By Ashit Sarkar
Banga Chandra Roy was one of the foremost leaders of the Brahmo movement in East Bengal in the late nineteenth & early twentieth centuries. He was born in a village near Dacca but unfortunately lost his father in his infancy. During his school days, he became a member of the ‘Manoranjini Sabha’ – an association of local boys for attaining moral improvement. Whilst there, Brahmananda Keshub Chandra Sen’s inspiring pamphlet ‘Young Bengal: This is for you’ inspired him greatly and provided him moral and spiritual guidance. He thereafter felt irresistibly drawn towards Brahmoism. During his college life at Dacca he came into close association with the prominent members of the Brahmo community and their encouragement won his whole hearted respect and admiration for the Brahmo samaj and led to his conversion to the faith. His close interaction later with Brahmananda Keshub Chandra Sen inspired his spiritual life and he was entrusted by him to become a missionary in East Bengal. He thereafter spearheaded the Brahmo movement extending over half a century in East Bengal from Dacca facing many adversities.
Banga Chandra was a teacher by profession and also distinguished himself as a journalist. He taught English as one of his subjects and published a weekly English newspaper called “The East” which had a fairly extensive circulation, even amongst the British outside Dacca. His semantic skill and confident style of writing brought him into contact with many Indians and non-Indians in different walks of life and society. Like all true missionaries, Banga Babu never hankered after wealth or worldly possessions or pleasures. But his strained resources never stood in the way of his dedication towards the cause of the Brahmo Samaj.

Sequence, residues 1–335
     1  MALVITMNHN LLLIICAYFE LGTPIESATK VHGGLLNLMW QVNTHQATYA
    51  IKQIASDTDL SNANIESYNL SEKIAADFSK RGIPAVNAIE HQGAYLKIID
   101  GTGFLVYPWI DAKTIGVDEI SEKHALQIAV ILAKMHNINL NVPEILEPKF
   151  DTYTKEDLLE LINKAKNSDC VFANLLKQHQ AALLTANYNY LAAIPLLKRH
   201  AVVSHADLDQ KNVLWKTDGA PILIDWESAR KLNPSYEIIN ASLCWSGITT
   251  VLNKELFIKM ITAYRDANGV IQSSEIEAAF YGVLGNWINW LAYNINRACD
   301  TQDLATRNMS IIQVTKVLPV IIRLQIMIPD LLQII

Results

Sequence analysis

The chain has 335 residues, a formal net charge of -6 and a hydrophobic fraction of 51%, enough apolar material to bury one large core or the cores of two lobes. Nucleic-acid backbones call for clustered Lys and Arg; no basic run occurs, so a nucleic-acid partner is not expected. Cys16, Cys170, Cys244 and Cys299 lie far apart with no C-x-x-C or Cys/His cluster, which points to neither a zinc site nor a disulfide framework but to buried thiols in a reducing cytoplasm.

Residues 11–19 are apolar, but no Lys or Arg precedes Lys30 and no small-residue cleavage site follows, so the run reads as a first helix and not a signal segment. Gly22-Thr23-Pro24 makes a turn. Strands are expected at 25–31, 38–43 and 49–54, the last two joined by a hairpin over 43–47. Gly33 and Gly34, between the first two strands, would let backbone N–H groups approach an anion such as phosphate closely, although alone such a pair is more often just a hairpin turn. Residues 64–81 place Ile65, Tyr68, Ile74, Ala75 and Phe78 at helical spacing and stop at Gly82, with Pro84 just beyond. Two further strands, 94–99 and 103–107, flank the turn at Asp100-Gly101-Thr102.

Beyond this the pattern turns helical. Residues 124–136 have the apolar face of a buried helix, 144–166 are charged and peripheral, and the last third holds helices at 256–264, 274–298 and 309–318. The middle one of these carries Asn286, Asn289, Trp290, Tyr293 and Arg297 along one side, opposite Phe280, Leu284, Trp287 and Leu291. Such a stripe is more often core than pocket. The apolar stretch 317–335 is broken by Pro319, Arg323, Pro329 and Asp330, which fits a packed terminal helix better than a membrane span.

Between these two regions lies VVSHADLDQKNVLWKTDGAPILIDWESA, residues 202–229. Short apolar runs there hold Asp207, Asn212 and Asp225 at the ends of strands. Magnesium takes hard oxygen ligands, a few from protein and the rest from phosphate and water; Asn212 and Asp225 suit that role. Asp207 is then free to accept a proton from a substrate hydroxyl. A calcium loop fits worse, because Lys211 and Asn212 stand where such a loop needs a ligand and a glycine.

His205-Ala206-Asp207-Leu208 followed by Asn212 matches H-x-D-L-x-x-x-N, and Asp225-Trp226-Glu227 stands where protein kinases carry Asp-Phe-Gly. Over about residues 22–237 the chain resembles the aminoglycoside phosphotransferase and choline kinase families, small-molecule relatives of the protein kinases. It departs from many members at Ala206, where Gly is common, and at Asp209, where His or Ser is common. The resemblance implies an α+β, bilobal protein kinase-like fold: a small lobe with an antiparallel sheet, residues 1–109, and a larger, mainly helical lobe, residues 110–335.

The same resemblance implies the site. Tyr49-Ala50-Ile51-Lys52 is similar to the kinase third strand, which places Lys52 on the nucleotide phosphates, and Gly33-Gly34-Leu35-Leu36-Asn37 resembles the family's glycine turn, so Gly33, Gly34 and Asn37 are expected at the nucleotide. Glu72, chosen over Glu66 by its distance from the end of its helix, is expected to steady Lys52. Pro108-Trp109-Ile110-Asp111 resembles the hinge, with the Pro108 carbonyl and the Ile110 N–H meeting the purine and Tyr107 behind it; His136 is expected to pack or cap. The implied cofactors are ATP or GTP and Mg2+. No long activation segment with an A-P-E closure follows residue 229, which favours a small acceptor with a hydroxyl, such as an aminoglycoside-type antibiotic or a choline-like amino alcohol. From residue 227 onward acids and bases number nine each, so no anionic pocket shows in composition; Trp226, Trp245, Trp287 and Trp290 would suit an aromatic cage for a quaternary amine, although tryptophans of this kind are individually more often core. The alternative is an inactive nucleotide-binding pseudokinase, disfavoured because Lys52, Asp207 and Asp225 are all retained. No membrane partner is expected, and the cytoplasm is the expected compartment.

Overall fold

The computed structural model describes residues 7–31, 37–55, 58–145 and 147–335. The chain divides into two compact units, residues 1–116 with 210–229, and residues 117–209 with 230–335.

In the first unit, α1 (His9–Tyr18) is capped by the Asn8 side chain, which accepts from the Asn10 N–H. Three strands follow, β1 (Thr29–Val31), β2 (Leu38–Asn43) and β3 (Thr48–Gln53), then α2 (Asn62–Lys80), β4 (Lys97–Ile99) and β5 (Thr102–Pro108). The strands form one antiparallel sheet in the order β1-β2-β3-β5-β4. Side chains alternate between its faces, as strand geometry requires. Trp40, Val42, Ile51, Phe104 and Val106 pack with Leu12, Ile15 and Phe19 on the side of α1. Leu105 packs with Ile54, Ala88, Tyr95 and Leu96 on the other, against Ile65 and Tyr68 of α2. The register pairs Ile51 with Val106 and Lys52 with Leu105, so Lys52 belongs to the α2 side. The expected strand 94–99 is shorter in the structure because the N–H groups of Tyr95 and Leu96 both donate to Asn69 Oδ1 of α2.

His 1922 autobiography was republished in 1999 in English and was translated by Prof Dilip Kumar Biswas, a former President of Sadharan Brahmo Samaj and the Asiatic Society of India, at the instances of his great grandsons
Sitangshu Roy (Witten, Germany), Ashish Ghosh (Wrentham, MA, USA), Pradip Das (Kolkata) and supported by Ashit Sarkar (Bangalore).